Does The Last Reformation Get Back to the Book of Acts?


last-reformation-movieThe Last Reformation is a global movement founded by Torben Sondergaard. On the Last Reformation website, it is stated, “We believe that the church is facing a new reformation.” Specifically,

A reformation that will go deeper than any reformation before: away from church traditions, suffocating structures and countless meetings in church buildings. We believe that it is a reformation, where we get back to what we read in the Acts: A simple disciple-life led by the Holy Spirit, where the kingdom of God comes near in homes, on the streets, in shops – yes, all places where people are.

In The Last Reformation, the 2016 movie, Torben Sondergaard claims, “We as the Church today stand in front of a new reformation. A reformation where we are coming back to what we read in the Book of Acts.” Many of his reasons for reform are noble and valid. He concludes, “It’s time to get back to what we read in the Book of Acts.” Signs and wonders, casting out demons, repentance, speaking in tongues, and baptism in Jesus’ name alone are focal points of the movement, yet the way in which each one of these elements are portrayed is actually at variance with the Book of Acts. As this critical refutation will demonstrate, The Last Reformation is unbiblical or incomplete in all of its emphasized beliefs and practices. Even more important than what they choose to promote within the movement is what The Last Reformation fails to mention or emphasize.

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Our Recent “Worship Experience” at Elevation Church

elevation-churchOn Sunday, I took two of my children with me to rescue the lost from a “Worship Experience” of Elevation “Church” at one of the nine locations in North Carolina. Two greeters approached us at the doors who gave my children “ekidz” slap bracelets and began asking me questions. I told them about how we are traveling across the country sharing the gospel and gave them both copies of the Church of Tares DVD, which contains many clips and critiques of their leader “Pastor” Steven Furtick.

The loud techno music outside and activity in the lobby was overwhelming to my six-year-old son who asked if we could leave soon. This was definitely not like any “church” he had seen. An Elevation usher also approached me in the lobby and asked me several questions. Eventually I told him I believed Elevation Church was unbiblical and urged him to watch our video which he accepted.

After the “Worship Experience” was dismissed, my children and I headed outside to hopefully reach some people on their way out. The moment I handed out a single business size card about how Elevation is unbiblical, an older Elevation security volunteer came out and asked me not to hand out any material. This was reminiscent of our recent visit to Mars Hill Church in Grand Rapids, Michigan. In fact, Elevation Church is not a true church, Steven Furtick is not a true pastor, and the “Worship Experience” is not true worship. I will elaborate on my concerns about Elevation below.

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On The Celebration of Christmas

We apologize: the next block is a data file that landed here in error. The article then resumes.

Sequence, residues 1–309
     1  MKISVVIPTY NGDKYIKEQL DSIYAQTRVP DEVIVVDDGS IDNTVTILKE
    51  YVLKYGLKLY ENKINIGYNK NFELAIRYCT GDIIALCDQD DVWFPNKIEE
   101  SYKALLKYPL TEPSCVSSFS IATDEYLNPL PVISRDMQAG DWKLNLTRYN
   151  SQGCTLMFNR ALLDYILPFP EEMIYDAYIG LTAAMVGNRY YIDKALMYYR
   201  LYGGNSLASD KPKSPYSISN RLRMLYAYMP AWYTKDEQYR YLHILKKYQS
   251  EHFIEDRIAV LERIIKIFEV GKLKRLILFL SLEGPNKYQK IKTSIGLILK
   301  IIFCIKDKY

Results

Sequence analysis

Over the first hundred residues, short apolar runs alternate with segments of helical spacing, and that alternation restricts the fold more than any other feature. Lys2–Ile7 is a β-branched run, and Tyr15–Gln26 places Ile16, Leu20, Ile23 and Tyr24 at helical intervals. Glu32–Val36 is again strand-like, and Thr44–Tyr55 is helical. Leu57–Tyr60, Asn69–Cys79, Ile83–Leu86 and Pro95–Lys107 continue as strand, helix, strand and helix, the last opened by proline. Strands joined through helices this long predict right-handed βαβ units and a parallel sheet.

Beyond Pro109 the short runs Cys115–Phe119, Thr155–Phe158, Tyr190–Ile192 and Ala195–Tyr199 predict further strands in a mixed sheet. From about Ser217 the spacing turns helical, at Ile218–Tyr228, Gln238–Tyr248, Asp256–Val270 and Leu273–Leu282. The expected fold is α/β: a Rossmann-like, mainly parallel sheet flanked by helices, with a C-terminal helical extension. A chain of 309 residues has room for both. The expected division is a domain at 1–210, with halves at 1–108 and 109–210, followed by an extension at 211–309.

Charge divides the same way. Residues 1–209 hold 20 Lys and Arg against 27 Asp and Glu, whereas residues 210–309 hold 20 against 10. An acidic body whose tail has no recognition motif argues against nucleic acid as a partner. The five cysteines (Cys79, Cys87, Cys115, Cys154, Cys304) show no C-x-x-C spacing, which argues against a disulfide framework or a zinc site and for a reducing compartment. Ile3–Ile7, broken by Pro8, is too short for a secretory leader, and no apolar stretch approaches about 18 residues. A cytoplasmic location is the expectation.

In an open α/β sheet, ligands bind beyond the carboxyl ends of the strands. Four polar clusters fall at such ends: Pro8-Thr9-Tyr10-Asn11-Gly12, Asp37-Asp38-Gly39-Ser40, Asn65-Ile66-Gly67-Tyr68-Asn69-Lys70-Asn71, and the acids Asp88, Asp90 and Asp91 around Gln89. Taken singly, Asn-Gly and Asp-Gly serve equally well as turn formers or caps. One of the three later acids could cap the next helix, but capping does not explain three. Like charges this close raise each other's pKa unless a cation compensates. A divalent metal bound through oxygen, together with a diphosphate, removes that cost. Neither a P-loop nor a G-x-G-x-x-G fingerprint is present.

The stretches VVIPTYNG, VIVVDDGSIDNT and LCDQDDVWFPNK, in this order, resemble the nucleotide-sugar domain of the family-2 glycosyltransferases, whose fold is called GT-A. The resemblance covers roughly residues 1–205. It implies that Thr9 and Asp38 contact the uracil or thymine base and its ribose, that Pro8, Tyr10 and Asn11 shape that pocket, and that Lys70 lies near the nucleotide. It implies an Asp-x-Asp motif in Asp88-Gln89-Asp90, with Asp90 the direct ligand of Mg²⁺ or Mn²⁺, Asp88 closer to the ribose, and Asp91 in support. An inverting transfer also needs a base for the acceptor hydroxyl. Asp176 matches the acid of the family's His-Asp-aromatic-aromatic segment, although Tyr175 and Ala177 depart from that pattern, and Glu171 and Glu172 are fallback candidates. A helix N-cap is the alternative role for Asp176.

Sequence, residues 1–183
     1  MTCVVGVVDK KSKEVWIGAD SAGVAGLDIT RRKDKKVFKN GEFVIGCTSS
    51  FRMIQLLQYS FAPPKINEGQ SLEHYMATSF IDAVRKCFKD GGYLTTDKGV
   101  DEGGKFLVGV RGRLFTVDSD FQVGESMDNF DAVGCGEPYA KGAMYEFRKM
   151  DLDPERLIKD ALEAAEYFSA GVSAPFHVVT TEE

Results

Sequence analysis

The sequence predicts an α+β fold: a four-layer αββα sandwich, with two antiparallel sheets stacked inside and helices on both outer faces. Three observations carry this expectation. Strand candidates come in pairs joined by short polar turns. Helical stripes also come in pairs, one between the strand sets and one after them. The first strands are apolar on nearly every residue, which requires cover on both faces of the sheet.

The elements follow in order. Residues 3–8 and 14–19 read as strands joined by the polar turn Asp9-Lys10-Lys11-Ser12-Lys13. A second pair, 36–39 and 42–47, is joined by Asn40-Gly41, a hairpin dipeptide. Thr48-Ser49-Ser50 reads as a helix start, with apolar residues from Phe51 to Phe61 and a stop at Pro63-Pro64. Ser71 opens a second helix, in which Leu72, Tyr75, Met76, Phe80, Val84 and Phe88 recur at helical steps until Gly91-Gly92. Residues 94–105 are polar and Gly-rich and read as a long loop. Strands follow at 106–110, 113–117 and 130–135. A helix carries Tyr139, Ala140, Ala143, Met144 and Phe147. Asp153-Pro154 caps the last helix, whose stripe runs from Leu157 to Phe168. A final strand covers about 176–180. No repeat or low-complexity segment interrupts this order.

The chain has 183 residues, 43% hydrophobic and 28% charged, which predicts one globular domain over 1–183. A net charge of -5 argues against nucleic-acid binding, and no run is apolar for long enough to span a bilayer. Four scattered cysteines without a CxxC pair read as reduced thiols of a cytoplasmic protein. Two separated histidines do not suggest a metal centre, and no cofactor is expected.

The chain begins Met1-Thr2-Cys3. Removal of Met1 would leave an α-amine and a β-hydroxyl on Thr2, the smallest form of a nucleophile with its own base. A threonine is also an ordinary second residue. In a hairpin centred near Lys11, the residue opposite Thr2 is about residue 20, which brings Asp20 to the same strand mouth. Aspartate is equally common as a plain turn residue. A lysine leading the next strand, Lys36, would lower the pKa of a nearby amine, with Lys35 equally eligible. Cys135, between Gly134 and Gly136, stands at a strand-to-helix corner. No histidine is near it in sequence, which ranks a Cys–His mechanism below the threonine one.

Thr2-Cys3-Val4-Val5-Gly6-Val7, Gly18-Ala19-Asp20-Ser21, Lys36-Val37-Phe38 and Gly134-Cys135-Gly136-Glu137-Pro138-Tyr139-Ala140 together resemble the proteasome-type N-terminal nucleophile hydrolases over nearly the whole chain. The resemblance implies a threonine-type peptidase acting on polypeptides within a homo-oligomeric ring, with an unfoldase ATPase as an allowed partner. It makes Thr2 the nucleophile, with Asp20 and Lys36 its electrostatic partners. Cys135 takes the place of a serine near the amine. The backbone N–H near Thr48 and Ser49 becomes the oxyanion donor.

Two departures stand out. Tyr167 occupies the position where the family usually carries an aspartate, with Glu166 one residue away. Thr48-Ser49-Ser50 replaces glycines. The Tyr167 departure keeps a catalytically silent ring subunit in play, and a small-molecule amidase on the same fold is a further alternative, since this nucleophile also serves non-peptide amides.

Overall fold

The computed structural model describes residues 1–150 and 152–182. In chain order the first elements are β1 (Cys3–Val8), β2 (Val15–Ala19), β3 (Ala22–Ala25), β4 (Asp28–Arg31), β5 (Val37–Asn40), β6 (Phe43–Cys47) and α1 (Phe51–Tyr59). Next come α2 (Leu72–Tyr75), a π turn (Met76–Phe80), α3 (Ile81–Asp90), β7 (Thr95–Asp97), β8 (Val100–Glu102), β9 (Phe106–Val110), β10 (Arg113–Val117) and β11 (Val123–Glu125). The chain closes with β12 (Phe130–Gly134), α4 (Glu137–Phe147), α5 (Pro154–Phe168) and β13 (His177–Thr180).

Christmas FireplaceThe Christmas celebration of Christ’s birth on December 25th has long been a tradition of professing Christians. But when did the Church begin celebrating this day as the birthday of Christ? More importantly, should Christians celebrate Christmas today?

Two common objections to Christmas are that the Bible speaks against Christmas Trees in Jeremiah 10 and that Santa is actually Satan. Actually Jeremiah 10:1-5 refers to heathen idol worship, not Christmas Trees. And Santa Claus’ real name is St. Nicholas of Myra, an Orthodox Christian bishop from Asia Minor (modern-day Turkey) in the fourth century who suffered for Christ under the persecution of Diocletian and is remembered for his charitable life.

It is often suggested that Christ’s birthday was celebrated when the wise men presented to him gifts (Matthew 2:11). But this was not the birthday of Christ, nor was it even the birth of Christ. Matthew said, “Herod, when he saw that he was mocked of the wise men, was exceeding wroth, and sent forth, and slew all the children that were in Bethlehem, and in all the coasts thereof, from two years old and under, according to the time which he had diligently inquired of the wise men” (Matthew 2:16). Therefore, the wise men offered gifts to Christ when he was as old as two years. But the birth of Christ is recorded earlier in Matthew 1:18-25.

Moreover, the only birthdays which are celebrated in the Bible are Pharaoh’s birthday (Genesis 40:20) and Herod’s birthday (Matthew 14:6), both of which ended in murder. Along these lines Origen (c. 245, E) wrote,

And on birthdays, when the lawless word reigns over them, they dance so that their movements please that word. Someone before us has observed what is written in Genesis about the birthday of Pharaoh and has said that the worthless man who loves things connected with birth keeps birthday festivals. And I, taking this suggestion from him, find nowhere in Scripture that a birthday was kept by a righteous man. For Herod was more unjust than that famous Pharaoh. For the latter killed a chief baker on his birthday feast. But the former killed John. (9.428)

This indicates that the early Christians did not celebrate birthdays during Origen’s time. If we find nowhere in Scripture that a birthday was kept by a righteous man, then why would we all of a sudden make a precedent for celebrating Christ’s birth? [Read more…]